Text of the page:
For adult’s only, because this particular attraction is located just outside a regionally famous (or infamous) nudist camp, The Sun Aura Nudist Resort, in Roselawn, Indiana. This massive sundial is 63-feet in length and is positioned to tell visitors and nudists (who MIGHT not be carrying a watch. Or pockets. Or anything at all) the time. Clothing is optional at the Sun Aura, so visitors need not get undressed…just be prepared to get an eyeful while you check out this twist on ancient time-telling technology.
9The Longcliff Museum
Psychiatric treatment a century ago was both barbaric…and the best that we could do. This appointment-only museum in Logansport, Indiana, exhibits some of the vintage techniques and treatments used to treat those with mental illness a century ago.
The museum is still a working administrative center, so “walk-ins” are discouraged, but discovering the futile and frightening methods, including the early days of electroshock treatment, once used makes us appreciate today’s health advances even more.
10The Shrine of Christ’s Passion
Like much religious iconography, you don’t have to belong to that religion to appreciate the art and effort put forth into making it, and the Shrine of Christ’s Passion is one of those works. In only a few years, a once-empty field in St. John, Indiana, was transformed into a walk through the New Testament. There is no charge for admittance.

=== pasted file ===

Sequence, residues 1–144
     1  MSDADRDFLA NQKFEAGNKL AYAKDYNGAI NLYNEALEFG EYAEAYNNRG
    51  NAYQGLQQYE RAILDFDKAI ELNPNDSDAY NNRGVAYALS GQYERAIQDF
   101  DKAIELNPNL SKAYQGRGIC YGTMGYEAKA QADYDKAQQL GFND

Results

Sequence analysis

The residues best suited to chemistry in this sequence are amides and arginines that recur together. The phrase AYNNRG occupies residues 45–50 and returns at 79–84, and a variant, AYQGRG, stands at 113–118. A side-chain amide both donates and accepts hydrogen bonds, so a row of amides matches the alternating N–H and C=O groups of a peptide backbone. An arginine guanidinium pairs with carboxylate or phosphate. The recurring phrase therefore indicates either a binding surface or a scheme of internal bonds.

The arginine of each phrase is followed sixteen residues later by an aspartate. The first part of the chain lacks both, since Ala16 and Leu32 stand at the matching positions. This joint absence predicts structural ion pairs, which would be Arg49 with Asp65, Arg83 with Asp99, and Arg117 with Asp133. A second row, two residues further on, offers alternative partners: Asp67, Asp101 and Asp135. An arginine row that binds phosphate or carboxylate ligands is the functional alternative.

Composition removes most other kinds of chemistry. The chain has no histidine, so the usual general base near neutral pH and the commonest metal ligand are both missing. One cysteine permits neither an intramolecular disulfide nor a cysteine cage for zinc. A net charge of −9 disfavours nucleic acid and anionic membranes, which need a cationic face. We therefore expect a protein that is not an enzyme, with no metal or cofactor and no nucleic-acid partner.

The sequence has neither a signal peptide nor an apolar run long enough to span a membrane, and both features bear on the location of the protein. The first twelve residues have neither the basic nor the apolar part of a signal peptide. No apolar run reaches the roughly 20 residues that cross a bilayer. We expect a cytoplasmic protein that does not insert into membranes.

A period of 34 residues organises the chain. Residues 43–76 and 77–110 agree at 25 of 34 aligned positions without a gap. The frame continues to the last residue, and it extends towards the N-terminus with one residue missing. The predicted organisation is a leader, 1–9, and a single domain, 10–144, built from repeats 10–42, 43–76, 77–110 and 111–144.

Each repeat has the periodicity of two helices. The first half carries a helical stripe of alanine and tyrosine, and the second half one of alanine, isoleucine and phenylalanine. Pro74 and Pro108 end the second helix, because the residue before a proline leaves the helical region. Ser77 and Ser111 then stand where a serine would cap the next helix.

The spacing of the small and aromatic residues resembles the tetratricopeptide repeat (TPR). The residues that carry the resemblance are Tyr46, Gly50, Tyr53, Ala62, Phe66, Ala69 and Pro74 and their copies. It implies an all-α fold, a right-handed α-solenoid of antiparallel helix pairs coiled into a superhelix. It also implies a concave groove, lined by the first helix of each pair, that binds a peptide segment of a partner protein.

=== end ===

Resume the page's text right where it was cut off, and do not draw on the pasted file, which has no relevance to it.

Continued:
Intricately-detailed statues illustrate the Stations of the Cross, with the picturesque stone path starting at the attraction’s gift shop and winding up along the Prayer Trail to St. John the Evangelist Catholic Church. Catholic or not, Christian or not, it doesn’t matter. This is worth seeing.
11Cairo’s Russian Bomber Watchtower
A relic of the Cold War, one of the few remaining civilian watchtowers, which once dotted northern and western Indiana, this tower (often called the Cairo Skywatch Tower, located in Cairo, Indiana) is a memorial to those who sacrificed their time and many cold, lonely nights scanning the skies for the approach of Russian bombers.
Before the days of an effective national radar system, these watchtowers and volunteers served to keep American families safe and secure with a direct line to nearby air bases in case of attack. Luckily they were never utilized in a combat capacity: given their purpose, that combat capacity would have only come once.
The tower is unsafe to climb!
12Grave in the Middle of the Road
Framed on either side by County Road 400 South, the grave of Nancy Kerlin Barnett remained undisturbed for almost 200 years, even when the Indiana Department of Transportation decided to put a busy country road at the gravesite. Instead of disturbing the ground, INDOT built the highway around it, making an interesting commute for tens of thousands of Hoosiers in and around Franklin, Indiana, for many years.
In 2016, the grave was unearthed and while the research team expected to find a set of dusty humans remains, they actually found the remains of seven bodies. After a period of study, the remains were then moved to nearby Sugar Creek, and researchers left behind a small marker at the original gravesite.